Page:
Our Italian/Italophile friends have always raved about their food and wine and I've been looking forward to sampling as much of it as I can but so far it's all been a bit disappointing. There seems to be a lot of pizza and pasta on offer but I can get that at home. We've had a nice panini or two, we sampled arancini balls stuffed with spinach which was OK and a couple of nice plates of pasta but nothing to get too excited about and, although the pastries look fantastic, I'm trying to avoid them! Today, however we went to Syracuse market and I am converted! Stall after stall of the freshest looking vegetables, stalls with just tomatoes but about 10 different varieties, fish stalls, seafood stalls, stalls selling dozens of antipastos, stalls selling draught olive oil, bread, cheeses, dozens of different smoked or preserved meats. Delightful smells are coming from the oil drum wood fires where they are cooking baked onions and sweet red peppers.
And what a fantastic atmosphere! All the stall holders are smiling and holding out dishes of samples to try. Little bruschettas with pickled veggies on the top, slices of smoked mozzarella, glasses of the local wine.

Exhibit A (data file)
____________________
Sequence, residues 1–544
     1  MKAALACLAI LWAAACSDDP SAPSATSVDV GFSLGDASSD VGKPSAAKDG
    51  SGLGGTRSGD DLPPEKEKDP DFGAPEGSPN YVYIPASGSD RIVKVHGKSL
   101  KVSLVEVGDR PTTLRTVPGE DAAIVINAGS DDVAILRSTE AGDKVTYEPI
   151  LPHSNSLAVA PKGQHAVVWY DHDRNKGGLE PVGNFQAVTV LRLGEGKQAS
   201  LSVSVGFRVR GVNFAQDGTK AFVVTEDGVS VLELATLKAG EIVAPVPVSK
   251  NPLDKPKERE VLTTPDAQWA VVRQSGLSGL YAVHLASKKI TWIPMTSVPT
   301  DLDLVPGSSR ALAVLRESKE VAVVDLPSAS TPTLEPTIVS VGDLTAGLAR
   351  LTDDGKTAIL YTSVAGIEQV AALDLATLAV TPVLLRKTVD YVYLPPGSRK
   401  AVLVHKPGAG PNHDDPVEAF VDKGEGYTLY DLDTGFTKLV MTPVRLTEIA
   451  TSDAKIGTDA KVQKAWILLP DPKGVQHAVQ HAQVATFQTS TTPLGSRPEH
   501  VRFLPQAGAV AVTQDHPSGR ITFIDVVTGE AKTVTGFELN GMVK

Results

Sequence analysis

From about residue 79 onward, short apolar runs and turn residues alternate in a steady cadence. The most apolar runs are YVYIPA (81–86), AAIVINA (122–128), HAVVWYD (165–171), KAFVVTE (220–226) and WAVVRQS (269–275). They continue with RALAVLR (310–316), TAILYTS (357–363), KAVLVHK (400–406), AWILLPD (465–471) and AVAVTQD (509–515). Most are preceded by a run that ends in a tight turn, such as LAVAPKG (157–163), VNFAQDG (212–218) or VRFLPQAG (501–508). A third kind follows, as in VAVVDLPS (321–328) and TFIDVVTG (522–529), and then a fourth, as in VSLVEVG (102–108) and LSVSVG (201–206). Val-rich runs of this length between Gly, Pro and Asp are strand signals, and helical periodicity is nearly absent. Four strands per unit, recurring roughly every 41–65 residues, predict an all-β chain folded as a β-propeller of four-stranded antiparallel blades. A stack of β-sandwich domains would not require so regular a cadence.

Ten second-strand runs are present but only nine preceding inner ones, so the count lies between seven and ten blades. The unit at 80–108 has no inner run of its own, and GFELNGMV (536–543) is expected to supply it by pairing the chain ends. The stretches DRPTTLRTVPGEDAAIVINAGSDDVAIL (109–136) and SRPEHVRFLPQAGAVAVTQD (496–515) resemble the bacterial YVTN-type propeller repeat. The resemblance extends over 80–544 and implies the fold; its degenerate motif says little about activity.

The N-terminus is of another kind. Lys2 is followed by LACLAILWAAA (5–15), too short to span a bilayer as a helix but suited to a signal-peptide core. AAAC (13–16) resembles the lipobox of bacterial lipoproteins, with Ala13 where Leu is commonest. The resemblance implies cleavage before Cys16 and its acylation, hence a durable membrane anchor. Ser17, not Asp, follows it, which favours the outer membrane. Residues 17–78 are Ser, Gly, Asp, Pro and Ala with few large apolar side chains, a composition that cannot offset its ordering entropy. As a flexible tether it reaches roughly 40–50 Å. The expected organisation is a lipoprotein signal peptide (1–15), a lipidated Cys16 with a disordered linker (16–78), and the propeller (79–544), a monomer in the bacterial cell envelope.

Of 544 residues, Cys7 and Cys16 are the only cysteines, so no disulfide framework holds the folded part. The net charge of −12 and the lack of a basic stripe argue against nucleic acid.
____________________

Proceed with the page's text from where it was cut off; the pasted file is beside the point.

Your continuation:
This showman has lots of women surrounding him, giggling, as he flirts with them and gives away samples of ricotta that he has baked. He crushes a clove of garlic on the plate and wipes it round, sprinkles olive oil on and some of the dried thyme sold in bunches and adds the chopped ricotta. Once you have tasted it, you have to buy one to take home and gorge! We had planned to come back for an antipasti tasting-plate for lunch but then we see him making a huge baguette for a couple of young men in the queue. He cuts the baguette in half lengthwise and hollows it out. Then he squirts olive oil on it, adds a layer of pickled veg, a layer of ricotta, a layer of sliced greeny-red tomatoes, more oil, a few crushed olives, some grated smoked mozzarella, more olive oil, several slices of see-through prosciutto and puts the lid of the bread on. Cut in half it is a fantastic lunch for two and cost 4 euros.
The young men tell us to order ours now. "If you come back in an hour, the queue will be too long". I take his photo while he makes our lunch. He insists on having our photo taken together. I think I am special but the Dutchman taking the photo says 'he asked my wife to marry him yesterday!" I still think I was special - but perhaps only for as long as it takes to make my lunch.